There’s no getting away from it: your average monkfish looks seriously badass. To all intents and purposes it’s just one giant head, supported by an after-thought of a body and capped with a cavernous mouth fringed with razor-sharp teeth. If that isn’t the kind of thing to keep you awake at night, you’re a braver person than me. Or possibly another monkfish.

Also known as the goosefish, these bottom-dwelling Atlantic fish use their pectoral fins to ‘walk’ along the seabed until they find a spot to their liking, at which point they half-bury themselves in the sediment and use a fishing ‘lure’ at the end of a long antenna to tempt potential prey to their fate.

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But when New England fishermen began finding the remains of birds called dovekies (Arctic seabirds that are the smallest members of the puffin family) in the stomachs of monkfish they had caught – well, that was something of a surprise. For one thing, although predation of birds by fish (or, for that matter, by cephalopods) is not without precedent, there remains little understanding of how frequently it occurs.

Stomach studies of New England fish caught on research cruises show that spiny dogfish, Atlantic herring, pollock, Atlantic cod, red hake, and fourspot flounder also eat birds; and it’s reasonable to infer that something called the goosefish might have avian tastes. But monkfish generally feed at depths well outside the range of dovekies, which can dive to about 100 feet in pursuit of small fish, crustaceans and zooplankton.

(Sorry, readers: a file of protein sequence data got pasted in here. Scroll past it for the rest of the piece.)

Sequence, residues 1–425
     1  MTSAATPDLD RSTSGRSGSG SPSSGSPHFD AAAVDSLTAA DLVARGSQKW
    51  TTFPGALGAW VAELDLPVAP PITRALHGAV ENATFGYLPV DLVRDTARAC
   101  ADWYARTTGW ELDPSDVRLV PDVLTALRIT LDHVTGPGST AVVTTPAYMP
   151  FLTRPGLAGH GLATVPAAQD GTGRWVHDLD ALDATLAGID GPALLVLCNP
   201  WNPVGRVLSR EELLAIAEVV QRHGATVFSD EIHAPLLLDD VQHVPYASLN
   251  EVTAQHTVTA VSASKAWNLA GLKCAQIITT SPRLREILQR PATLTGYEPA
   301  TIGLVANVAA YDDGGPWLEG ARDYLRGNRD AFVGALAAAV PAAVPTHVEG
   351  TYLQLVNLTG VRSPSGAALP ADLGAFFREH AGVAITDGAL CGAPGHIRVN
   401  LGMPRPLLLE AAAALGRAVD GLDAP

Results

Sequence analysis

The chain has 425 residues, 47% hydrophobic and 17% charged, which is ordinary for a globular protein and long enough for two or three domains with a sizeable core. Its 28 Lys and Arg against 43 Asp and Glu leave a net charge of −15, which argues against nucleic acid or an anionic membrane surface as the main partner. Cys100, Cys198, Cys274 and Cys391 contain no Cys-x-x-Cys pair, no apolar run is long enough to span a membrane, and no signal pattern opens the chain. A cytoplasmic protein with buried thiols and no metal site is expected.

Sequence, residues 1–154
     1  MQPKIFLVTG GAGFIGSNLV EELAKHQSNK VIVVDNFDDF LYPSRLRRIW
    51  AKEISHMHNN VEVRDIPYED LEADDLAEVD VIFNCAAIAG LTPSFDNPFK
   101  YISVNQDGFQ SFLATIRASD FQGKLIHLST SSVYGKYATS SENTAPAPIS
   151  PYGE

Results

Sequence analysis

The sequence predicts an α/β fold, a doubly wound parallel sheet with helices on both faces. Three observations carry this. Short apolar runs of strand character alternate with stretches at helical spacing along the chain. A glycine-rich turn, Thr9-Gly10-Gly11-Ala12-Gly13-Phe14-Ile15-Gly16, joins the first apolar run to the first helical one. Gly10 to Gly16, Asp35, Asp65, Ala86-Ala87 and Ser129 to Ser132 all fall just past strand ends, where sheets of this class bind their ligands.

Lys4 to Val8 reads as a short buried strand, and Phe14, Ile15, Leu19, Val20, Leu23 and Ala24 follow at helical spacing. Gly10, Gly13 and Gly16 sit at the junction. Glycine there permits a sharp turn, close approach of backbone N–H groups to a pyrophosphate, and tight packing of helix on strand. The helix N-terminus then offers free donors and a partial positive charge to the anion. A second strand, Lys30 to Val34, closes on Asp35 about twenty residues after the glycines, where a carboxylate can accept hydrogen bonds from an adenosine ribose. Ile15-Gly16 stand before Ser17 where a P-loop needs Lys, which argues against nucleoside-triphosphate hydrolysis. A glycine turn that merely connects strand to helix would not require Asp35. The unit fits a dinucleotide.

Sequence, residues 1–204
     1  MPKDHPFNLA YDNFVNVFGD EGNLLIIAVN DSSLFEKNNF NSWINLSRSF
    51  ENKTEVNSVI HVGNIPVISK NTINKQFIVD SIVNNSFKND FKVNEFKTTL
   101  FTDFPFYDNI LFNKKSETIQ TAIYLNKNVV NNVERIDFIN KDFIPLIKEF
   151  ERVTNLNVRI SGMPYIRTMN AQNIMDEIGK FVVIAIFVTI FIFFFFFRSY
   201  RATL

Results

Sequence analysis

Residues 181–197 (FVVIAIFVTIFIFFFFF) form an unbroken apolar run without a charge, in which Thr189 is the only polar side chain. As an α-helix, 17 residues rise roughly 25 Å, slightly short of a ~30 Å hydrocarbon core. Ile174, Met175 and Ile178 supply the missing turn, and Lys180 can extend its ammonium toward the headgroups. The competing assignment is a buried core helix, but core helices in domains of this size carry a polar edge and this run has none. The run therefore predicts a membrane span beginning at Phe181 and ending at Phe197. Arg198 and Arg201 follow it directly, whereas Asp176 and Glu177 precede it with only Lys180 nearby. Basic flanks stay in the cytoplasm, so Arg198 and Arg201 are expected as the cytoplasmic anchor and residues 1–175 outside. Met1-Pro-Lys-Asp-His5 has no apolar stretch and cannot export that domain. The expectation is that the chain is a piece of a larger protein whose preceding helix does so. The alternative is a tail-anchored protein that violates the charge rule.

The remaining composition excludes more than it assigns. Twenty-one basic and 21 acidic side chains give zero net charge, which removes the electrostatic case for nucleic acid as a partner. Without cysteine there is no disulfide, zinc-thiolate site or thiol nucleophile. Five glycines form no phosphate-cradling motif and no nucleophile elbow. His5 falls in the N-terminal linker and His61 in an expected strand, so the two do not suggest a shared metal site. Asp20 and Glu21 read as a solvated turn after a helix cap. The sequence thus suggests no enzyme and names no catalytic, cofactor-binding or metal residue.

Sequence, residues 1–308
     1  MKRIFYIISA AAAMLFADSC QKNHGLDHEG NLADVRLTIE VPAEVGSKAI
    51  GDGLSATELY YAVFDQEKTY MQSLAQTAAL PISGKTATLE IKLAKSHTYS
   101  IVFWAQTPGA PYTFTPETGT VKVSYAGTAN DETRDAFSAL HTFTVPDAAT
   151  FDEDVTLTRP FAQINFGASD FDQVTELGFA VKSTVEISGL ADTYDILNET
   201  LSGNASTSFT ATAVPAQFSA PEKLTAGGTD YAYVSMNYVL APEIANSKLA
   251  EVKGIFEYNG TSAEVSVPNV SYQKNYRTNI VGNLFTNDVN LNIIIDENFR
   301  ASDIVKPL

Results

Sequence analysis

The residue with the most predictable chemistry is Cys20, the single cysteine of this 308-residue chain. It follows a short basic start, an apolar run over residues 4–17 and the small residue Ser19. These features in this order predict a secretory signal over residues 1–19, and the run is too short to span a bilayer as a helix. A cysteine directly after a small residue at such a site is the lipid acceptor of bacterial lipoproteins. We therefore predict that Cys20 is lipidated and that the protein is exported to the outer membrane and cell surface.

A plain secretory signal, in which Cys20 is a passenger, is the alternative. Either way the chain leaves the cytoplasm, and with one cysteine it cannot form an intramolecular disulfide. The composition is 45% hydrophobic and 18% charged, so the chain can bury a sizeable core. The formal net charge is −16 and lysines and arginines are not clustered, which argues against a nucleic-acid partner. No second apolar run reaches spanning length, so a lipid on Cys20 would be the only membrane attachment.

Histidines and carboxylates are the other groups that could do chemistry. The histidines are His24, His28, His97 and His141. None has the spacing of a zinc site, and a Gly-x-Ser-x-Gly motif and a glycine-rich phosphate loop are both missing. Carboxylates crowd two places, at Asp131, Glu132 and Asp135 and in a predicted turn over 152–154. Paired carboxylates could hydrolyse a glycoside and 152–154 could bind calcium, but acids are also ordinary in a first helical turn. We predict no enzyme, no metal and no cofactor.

In an attempt to figure out what was happening, scientists with NOAA’s Northeast Fisheries Science Center (NEFSC) and the United States Geological Survey’s Patuxent Wildlife Research Center tagged monkfish to study their movements, and found that, on occasions, goosefish in fact will swim up to near-surface waters at night – either to spawn or to take advantage of ocean currents they use to migrate onshore or offshore. It is unlikely that they actively seek out dovekies when they do so, but rather that the birds, diving for their food, are attracted by the fishes’ lures and swim to their doom. In other words, for dovekies it’s a case of being in the wrong place at the wrong time.

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It’s possible, notes lead researcher Matthew Perry of USGS, that other birds get out of Dodge each evening to avoid the prospect of becoming goosefish food.

“I was studying long-tailed ducks and thought, to avoid being eaten, these birds fly 30 to 50 miles to Nantucket Sound each night and return to the ocean in the morning,” Perry said in a press release announcing the findings, which are published in the online journal Northeastern Naturalist.  “People ask why don’t dovekies fly to Nantucket Sound at night like the long-tailed ducks to avoid goosefish?  My explanation is that dovekies have small wings and can’t make the routine flight.”

Photograph: NOAA researcher Larry Alade holds a tagged goosefish, or monkfish, prior to release during a cooperative monkfish migration study with commercial fishermen in 2009 and 2010. Photo credit: Pasha Ivanov